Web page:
Military appellate court rules misconduct hearing must be open
WASHINGTON, D.C.–In late June, the U.S. Court of Appeals for the Armed Forces in Washington D.C. held that a preliminary hearing in the sexual misconduct case against Sgt. Maj. Gene McKinney must be open to the public, unless the Army could show a specific and substantial need for secrecy.
The brief opinion by the appellate court did not discuss its reasoning for mandating openness.
Army officials at Ft. Myer in Arlington, Va., ordered the preliminary hearing closed. The closure order was challenged by five television networks and The Washington Post. McKinney, his main accuser Brenda Hoster, and two military justice groups also argued for open proceedings.
According to Army regulations, a preliminary hearing, known as an Article 32, is presumptively open, but may be closed at the local commander’s discretion. According to The Washington Post, however, Article 32 hearings are routinely closed, especially in cases that provoke media interest. The Post quoted Army Chief of Staff Dennis Reimer as saying that Article 32 hearings “are never open.”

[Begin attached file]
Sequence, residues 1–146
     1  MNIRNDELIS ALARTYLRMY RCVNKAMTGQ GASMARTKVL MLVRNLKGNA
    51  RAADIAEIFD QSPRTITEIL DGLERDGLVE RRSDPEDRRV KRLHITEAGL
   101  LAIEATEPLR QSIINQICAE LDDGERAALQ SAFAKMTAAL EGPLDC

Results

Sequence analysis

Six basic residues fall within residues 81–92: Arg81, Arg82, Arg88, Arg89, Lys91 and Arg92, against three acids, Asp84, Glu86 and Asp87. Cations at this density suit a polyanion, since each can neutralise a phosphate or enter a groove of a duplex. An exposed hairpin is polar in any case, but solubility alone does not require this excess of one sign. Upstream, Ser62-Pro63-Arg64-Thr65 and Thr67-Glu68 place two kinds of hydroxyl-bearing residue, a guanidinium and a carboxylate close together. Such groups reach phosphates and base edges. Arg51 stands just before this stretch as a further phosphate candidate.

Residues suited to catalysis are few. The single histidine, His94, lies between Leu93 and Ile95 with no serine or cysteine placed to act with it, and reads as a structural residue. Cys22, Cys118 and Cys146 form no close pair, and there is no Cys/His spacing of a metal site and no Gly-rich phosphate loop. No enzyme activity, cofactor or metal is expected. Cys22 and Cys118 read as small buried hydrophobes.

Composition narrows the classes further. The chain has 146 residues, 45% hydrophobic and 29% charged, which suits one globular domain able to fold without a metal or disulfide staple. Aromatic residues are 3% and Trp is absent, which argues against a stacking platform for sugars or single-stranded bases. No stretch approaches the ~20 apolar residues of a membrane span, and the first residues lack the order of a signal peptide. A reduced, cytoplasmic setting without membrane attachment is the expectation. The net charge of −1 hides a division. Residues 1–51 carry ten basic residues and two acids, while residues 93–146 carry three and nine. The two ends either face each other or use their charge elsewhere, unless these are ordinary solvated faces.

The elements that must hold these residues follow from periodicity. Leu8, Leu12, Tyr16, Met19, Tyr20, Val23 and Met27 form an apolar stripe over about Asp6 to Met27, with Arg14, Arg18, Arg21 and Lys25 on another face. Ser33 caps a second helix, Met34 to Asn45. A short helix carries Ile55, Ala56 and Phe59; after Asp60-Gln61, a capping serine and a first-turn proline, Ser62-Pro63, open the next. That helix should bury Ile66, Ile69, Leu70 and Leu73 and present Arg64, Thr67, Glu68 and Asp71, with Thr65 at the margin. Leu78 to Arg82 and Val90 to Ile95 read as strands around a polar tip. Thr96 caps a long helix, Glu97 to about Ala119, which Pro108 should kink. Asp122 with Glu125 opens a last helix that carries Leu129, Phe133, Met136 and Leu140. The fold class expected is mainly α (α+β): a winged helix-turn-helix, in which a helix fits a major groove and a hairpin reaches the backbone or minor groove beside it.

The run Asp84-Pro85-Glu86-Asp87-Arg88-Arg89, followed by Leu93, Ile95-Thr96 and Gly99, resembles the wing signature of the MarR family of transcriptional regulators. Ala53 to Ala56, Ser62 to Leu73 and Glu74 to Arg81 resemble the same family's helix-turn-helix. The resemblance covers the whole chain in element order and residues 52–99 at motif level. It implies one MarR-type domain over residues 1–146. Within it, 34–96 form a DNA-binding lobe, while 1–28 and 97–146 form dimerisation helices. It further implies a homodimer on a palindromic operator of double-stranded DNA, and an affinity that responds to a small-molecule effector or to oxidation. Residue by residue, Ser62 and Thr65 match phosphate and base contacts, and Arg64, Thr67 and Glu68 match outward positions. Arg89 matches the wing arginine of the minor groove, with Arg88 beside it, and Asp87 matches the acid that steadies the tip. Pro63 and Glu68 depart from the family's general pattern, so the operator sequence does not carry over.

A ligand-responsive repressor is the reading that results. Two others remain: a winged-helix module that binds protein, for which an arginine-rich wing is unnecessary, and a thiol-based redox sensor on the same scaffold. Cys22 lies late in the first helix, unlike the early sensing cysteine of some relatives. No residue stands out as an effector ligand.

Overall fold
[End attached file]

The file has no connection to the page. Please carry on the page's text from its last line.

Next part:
The Army said that the hearing should be closed to minimize “distraction” from the issues, to ensure McKinney’s fair trial rights and to protect the privacy of the alleged victims.
McKinney faces charges of adultery and indecent assault in connection with complaints filed by four women service members. The purpose of the hearing is to determine whether there is sufficient evidence to court-martial McKinney.
The appeals court is composed of five civilian judges appointed by the president for 15-year terms, and has jurisdiction over questions of law arising from military trials by court-martial. (ABC v. Jarvis; Media Counsel: Stuart Pierson, Washington, D.C.)